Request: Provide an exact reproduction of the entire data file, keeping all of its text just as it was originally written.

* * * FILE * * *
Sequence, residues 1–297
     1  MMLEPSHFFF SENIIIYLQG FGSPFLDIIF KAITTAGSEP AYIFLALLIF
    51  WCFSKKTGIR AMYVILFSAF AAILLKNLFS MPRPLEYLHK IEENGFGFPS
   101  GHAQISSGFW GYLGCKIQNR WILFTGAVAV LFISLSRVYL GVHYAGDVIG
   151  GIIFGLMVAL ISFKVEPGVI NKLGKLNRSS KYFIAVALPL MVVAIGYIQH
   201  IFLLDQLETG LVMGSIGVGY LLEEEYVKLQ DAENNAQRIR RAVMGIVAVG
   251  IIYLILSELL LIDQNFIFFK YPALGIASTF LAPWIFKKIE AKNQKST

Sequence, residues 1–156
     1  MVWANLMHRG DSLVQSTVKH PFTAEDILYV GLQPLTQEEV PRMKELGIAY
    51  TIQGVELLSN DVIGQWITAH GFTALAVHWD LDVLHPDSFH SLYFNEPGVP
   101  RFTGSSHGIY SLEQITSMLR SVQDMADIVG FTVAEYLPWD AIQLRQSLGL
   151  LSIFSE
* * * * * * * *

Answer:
Sequence, residues 1–297
     1  MMLEPSHFFF SENIIIYLQG FGSPFLDIIF KAITTAGSEP AYIFLALLIF
    51  WCFSKKTGIR AMYVILFSAF AAILLKNLFS MPRPLEYLHK IEENGFGFPS
   101  GHAQISSGFW GYLGCKIQNR WILFTGAVAV LFISLSRVYL GVHYAGDVIG
   151  GIIFGLMVAL ISFKVEPGVI NKLGKLNRSS KYFIAVALPL MVVAIGYIQH
   201  IFLLDQLETG LVMGSIGVGY LLEEEYVKLQ DAENNAQRIR RAVMGIVAVG
   251  IIYLILSELL LIDQNFIFFK YPALGIASTF LAPWIFKKIE AKNQKST

Sequence, residues 1–156
     1  MVWANLMHRG DSLVQSTVKH PFTAEDILYV GLQPLTQEEV PRMKELGIAY
    51  TIQGVELLSN DVIGQWITAH GFTALAVHWD LDVLHPDSFH SLYFNEPGVP
   101  RFTGSSHGIY SLEQITSMLR SVQDMADIVG FTVAEYLPWD AIQLRQSLGL
   151  LSIFSE